Alumni achievements

Aqua America benefits from investment in EMBA
Villanova University

What do four members of Aqua America, Inc.’s senior leadership team have in common? They all completed the Villanova Executive MBA—and it’s not by chance. As President and CEO Christopher Franklin (’02 EMBA) explains: “One of the most important decisions a CEO can make is hiring the right people around him.” This led Franklin to seek out leaders who embodied the same values that the Villanova EMBA Program fosters—integrity, a tireless work ethic, and teamwork.

In 2000, Franklin joined the first-ever EMBA class at Villanova, deciding to enroll because of Villanova’s reputation for academic rigor, its unmatched facilities, and the values of the school.


“Having been out of school for some time, it was refreshing to be back in the stream of learning and current thought, and it was transformational to be able to immediately apply my knowledge at work the very next day,” says Franklin, who graduated from West Chester University in 1987.  But perhaps the biggest benefits of the program were the social activities and networking opportunities—it was through this EMBA Program where he met fellow student Rick Fox (’02 EMBA).

Fox, now EVP and COO of Aqua America, enrolled in the same EBMA class when he and his family moved to Philadelphia in 2000. He worked in the chemical manufacturing industry for 17 years and wanted to become better connected in his new city with the hopes of changing careers. He liked the ‘start-up’ quality of the then newly offered EMBA Program, and he points to the EMBA Program for giving him the confidence to branch out into other industries.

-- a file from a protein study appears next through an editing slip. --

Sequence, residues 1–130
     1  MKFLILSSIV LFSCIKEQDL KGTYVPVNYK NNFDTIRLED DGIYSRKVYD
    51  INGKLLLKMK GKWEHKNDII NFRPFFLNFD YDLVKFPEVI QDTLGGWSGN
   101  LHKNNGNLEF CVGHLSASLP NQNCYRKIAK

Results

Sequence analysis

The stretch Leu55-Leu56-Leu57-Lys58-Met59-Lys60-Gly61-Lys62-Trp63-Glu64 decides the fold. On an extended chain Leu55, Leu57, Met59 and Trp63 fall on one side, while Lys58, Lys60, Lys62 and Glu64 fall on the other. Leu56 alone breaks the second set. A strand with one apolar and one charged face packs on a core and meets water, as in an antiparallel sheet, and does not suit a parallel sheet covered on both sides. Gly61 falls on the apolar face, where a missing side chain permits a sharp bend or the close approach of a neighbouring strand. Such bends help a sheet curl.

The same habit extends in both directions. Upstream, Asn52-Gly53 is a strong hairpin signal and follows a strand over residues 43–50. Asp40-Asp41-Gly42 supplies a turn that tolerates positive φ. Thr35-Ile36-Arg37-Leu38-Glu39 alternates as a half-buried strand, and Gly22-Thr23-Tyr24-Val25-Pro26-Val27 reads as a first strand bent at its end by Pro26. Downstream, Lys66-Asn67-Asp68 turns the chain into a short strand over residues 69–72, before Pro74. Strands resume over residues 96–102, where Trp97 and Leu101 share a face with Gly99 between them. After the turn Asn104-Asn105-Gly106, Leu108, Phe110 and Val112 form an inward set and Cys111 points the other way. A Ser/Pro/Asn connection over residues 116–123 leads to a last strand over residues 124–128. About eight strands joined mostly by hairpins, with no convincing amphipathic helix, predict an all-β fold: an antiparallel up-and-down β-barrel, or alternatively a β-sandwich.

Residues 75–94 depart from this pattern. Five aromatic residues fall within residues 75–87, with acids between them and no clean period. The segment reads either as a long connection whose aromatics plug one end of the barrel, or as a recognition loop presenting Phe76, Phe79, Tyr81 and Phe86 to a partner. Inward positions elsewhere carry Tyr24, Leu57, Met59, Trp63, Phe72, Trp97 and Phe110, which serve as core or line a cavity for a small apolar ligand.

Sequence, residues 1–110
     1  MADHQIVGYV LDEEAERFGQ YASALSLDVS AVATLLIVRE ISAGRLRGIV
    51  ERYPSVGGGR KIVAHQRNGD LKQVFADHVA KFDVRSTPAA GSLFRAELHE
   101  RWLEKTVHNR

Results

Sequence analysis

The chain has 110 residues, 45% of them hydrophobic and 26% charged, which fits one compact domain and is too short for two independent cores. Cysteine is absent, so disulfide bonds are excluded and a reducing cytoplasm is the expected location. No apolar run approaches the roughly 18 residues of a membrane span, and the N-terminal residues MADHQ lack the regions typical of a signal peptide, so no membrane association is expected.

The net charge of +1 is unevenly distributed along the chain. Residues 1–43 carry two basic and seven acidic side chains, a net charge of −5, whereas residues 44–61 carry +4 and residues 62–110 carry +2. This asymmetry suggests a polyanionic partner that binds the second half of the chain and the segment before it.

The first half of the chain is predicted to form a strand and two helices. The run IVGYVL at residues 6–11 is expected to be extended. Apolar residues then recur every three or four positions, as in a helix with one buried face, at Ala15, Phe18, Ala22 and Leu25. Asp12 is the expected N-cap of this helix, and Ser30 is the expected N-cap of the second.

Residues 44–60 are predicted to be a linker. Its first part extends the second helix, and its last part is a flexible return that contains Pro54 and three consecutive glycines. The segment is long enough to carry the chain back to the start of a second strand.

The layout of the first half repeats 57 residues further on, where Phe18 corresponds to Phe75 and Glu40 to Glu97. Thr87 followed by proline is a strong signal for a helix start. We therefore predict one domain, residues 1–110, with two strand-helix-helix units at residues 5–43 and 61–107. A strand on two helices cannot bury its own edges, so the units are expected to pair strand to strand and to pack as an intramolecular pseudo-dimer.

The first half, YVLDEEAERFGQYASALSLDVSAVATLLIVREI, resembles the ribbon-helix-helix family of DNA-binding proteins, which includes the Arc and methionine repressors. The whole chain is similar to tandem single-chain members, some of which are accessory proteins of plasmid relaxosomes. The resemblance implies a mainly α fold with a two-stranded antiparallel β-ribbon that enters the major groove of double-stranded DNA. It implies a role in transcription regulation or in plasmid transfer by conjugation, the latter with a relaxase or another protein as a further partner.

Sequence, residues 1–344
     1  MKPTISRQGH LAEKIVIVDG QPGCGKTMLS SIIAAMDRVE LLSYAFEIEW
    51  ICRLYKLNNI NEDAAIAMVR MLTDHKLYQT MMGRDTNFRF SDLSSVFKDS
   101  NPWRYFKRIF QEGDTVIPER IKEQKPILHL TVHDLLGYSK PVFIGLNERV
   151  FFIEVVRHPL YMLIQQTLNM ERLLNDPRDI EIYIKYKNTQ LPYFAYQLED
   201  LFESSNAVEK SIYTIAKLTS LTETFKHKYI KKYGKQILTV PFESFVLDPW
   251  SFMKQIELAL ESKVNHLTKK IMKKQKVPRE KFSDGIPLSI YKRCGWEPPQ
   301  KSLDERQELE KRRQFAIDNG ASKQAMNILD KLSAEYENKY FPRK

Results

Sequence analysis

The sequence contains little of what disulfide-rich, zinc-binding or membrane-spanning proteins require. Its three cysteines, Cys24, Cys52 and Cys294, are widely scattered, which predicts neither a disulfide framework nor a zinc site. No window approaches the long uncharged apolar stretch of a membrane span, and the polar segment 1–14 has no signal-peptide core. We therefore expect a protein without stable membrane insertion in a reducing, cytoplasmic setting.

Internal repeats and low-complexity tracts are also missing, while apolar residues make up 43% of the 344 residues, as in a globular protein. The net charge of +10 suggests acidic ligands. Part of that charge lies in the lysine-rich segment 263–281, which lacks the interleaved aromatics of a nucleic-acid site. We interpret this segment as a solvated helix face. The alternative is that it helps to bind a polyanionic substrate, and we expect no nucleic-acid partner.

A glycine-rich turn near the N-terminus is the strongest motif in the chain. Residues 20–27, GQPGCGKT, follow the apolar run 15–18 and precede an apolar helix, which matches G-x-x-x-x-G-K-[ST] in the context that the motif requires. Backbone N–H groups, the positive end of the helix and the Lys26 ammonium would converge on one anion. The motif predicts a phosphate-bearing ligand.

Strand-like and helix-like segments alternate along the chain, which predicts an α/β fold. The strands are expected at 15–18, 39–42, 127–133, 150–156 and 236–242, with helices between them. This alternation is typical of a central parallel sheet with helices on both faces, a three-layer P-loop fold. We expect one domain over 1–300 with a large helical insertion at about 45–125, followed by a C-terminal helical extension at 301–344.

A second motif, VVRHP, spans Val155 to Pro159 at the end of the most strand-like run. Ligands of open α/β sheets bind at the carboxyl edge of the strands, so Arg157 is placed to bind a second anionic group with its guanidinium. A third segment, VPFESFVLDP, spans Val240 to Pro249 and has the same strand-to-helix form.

He and Franklin quickly became friends and, after graduating, Franklin offered him a job as the vice president of customer operations. Reflecting on his time in the program, Fox says, “It was like a two-year interview with Chris.”

Throughout the years, Franklin and Fox relied on their EMBA experience to think differently about their business at Aqua America, the second largest U.S.-based, publicly traded water and wastewater utility company that serves nearly three million people in eight states. Their newly acquired business education encouraged them to look at their business in an innovative way—to focus more on metrics and measurement as well as their mission.

“There is no margin for error at Aqua America,” says Franklin. “Twenty-four hours a day, we have a tremendous responsibility to provide a basic need that people put into their bodies. So, we needed to hire and elevate our employees who are devoted to our core mission.”
As a senior leadership team, Franklin and Fox felt it was important to expose others at Aqua America to the Villanova EMBA experience. They selected Kim Joyce and Brian Dingerdissen, who both were familiar with Villanova from their undergraduate days.

Joyce (‘11 EMBA), who serves as regulatory counsel and director of public and legislative affairs, expressed interest in taking an accounting class to refresh her core business skills. But the senior management team had bigger plans for her and thought she would be an excellent candidate for the EMBA Program. 

“I love to learn and there was a comfort level of going back to Villanova,” says Joyce. “The EMBA cohort is such an intimate and impressive group, and I learned just as much from my classmates as I did from the faculty.”

As part of her capstone project, Joyce traveled to Nicaragua to evaluate water resources in rural communities—an experience that would prepare her well for her future role at Aqua America. Joyce currently oversees communications, community relations, and the company’s charitable trust in addition to leading a team with responsibilities for all regulatory and legislative policy at the federal and state levels.

After graduating with a degree in finance from Villanova in 2005, Dingerdissen applied for a job at Aqua America with the help of Mike Pagano, Robert J. and Mary Ellen Darretta Endowed Chair in Finance.

“Brian has been a trusted advisor to my team for nearly a decade,” explains Franklin. “His counsel has played an important role in many of the decisions we’ve made, which made him the perfect candidate for the EMBA Program.”